My birthday falls on April 22—Earth Day. Because I was in 6th grade when the first Earth Day was celebrated, my parents weren’t tempted to name me Eartha, Fern, Gaia, Ocean, Zoe… or some other Earth-related name. But if they had, I don’t think I would have minded. What’s in a name—right? Unlike Noel, I’m glad my birthday falls on an important date—especially this one. I love the concept of Earth Day and feel honored to share “my day” celebrating it. I consider it my bEARTHday, so to speak.

We have no control over where and when we are born, or what we’re named, for that matter. While we don’t control the circumstances we are born into, we do choose our responses, attitudes and actions. In other words, our choices create our lives. Our choices also affect the Earth. Hopefully as we’re creating our lives, we are also creating a better world. Think about it—without Earth, we have no place to live. We couldn’t exist. Recognizing this fact, can you think of anything more important than caring for our planet? I can’t. That’s why I’m committed to being a responsible Earth citizen.

For me, this commitment is easy. Not only is it logical, it’s natural, too. It resonates with my soul. I realized long ago when something resonates with your soul, it’s important to embrace it. That’s why I speak out against corporations that pollute our planet, deplete our resources and mistreat people, animals… and nature. Yes, I believe in capitalism… but not at the expense of our earth and its inhabitants. That’s why I support “green” businesses.

Doing what’s right and challenging the status quo takes courage… but when we don’t make good choices and don’t challenge those who pollute and mistreat our planet, we become part of the problem.

REDUCE, REUSE, RECYCLE… but mostly… RESPECT our planet. “We cannot solve our problems with the same thinking we used when we created them.” I agree with Einstein… and the time is NOW. We need to start thinking differently and creating new sustainable Earth-friendly solutions. The status quo has lost its status. Let’s make certain future generations can experience this miraculous living planet filled with its endless beauty and wonder. Together, WE can make this world a better place. Happy Earth Day!

My “Radical” Healthcare Solution

January 30, 2010

Okay, but face it, Michael… you’re a radical, Jim said to me the other night at dinner. The first time I recall being called a radical was back in grade school. It was also the first time I had ever heard the word, and I didn’t know what it meant. Based on my teacher’s tone, and the fact that my thinking didn’t align with others, I assumed it meant something bad. Over time I learned its meaning and looking back on that first experience, my teacher’s use of the word was pretty accurate. It seems I was, and according to Jim, still am a radical.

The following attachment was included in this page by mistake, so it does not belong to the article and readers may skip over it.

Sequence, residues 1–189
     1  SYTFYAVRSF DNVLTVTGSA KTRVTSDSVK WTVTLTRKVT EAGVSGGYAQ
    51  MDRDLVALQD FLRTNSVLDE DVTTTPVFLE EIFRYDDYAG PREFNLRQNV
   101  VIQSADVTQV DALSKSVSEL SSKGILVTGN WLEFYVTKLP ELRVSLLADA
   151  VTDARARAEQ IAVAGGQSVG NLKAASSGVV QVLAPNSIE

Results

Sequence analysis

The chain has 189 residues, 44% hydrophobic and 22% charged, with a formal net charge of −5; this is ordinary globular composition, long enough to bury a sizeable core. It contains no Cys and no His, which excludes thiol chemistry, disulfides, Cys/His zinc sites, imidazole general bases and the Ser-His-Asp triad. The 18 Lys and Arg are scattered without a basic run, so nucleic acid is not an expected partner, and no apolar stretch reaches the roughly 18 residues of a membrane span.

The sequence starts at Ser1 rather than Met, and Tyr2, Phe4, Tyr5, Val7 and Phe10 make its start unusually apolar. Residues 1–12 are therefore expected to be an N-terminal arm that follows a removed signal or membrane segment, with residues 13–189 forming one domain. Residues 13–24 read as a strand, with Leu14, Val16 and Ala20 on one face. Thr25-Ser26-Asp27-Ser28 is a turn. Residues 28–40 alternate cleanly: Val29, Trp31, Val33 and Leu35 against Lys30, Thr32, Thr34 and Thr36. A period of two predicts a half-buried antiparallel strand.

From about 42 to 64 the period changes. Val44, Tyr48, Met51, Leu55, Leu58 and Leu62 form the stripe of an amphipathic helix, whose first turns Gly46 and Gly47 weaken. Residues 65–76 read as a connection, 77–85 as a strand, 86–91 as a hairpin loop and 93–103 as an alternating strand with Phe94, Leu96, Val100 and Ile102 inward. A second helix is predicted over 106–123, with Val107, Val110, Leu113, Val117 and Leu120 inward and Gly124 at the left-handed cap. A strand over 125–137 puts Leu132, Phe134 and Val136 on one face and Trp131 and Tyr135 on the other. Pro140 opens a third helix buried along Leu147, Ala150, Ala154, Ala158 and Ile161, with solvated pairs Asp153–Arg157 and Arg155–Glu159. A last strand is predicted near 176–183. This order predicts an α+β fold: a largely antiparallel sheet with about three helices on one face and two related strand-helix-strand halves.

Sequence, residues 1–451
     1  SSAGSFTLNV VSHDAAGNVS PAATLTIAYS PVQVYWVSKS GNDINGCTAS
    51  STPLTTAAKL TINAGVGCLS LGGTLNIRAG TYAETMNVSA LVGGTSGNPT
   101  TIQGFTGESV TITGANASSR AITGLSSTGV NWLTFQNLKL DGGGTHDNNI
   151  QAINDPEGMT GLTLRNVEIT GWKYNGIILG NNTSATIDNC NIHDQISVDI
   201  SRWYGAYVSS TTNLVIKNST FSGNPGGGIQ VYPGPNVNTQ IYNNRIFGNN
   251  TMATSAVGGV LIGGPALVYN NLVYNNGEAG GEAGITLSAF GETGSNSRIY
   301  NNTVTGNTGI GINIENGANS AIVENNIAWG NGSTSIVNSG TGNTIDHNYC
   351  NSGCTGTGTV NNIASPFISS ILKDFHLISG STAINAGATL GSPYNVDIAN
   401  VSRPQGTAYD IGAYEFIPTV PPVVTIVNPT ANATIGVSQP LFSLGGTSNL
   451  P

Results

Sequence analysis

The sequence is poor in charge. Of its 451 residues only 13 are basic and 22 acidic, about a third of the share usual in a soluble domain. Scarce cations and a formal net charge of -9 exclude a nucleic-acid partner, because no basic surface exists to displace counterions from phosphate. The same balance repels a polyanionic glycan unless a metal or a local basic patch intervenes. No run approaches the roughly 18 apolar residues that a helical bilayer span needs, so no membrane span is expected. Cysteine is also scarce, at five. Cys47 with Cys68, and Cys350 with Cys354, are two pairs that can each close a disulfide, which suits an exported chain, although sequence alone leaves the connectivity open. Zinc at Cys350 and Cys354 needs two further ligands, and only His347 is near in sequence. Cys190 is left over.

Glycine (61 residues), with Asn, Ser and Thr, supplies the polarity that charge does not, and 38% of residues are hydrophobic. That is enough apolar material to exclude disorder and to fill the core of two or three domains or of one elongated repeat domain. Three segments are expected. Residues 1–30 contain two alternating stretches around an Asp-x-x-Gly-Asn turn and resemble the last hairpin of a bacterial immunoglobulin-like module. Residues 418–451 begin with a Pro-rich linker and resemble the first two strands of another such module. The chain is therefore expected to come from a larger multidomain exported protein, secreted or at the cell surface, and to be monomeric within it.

His accusation came during a discussion concerning healthcare. Jim’s position was pretty simple: Government should stay the hell out of healthcare… period. After a few more statements along the same vein, I realized Jim, like many U.S. citizens, had taken the bait. By bait, I mean the propaganda that has become the faulty cornerstone of the so-called “healthcare” debate. What made me a radical in his eyes is that I didn’t accept it. I was interested in discussing “health” care… not “sick” care. Jim wanted to argue about government involvement, insurance companies, hospitals, drug companies and so on… politics.

When you stop listening to rhetoric and start looking at reality (facts and evidence), most “problems” start looking different. Healthcare is no exception. It has little to do with the issues being discussed in Washington or in the media. Read more

Beware the Semmelweis Reflex!

November 6, 2009

Metaphorically and literally speaking, the healthcare debate today is totally ill-focused. When it comes to implementing real solutions, it seems most people suddenly decide they’d rather argue, live in denial, and defend the status quo than accept reality and take action. It’s true. They’d rather fight than switch (can you older readers visualize the black eye?). Given the choice of accepting empirical evidence or clinging to misguided beliefs, many… if not most… people will choose misguided beliefs.

The act of automatically rejecting facts without thought or real consideration is sometimes referred to as the Semmelweis reflex… or “Semmelweis effect.” The name comes from Ignaz Semmelweis, a Hungarian physician who, in 1847, discovered that when maternity doctors washed their hands with a chlorinated-lime solution, the incidence of a type of sepsis related to childbirth was significantly reduced. So here’s where the “reflex”/“effect” part comes in: Despite his efforts and the obvious evidence showing that hand-washing reduced mortality below 1%, Semmelweis’ practice wasn’t accepted until years after his death. Furthermore, in 1865, Semmelweis had a mental breakdown and ended up in an asylum, where he died at age 47.

How could this happen? It’s simple. During his lifetime, Semmelweis’ observations and evidence conflicted with the established beliefs of the day. Medical books and doctors back then were focused on bloodletting as a primary treatment for disease… and in contrast to the evidence, they “believed” bloodletting was the best treatment. Read more